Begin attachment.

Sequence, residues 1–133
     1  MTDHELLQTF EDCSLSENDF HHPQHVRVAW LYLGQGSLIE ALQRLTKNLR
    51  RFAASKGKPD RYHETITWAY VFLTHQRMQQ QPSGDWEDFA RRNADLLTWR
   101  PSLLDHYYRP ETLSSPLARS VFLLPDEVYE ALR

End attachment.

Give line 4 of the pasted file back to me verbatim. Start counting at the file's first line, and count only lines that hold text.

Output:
   101  PSLLDHYYRP ETLSSPLARS VFLLPDEVYE ALR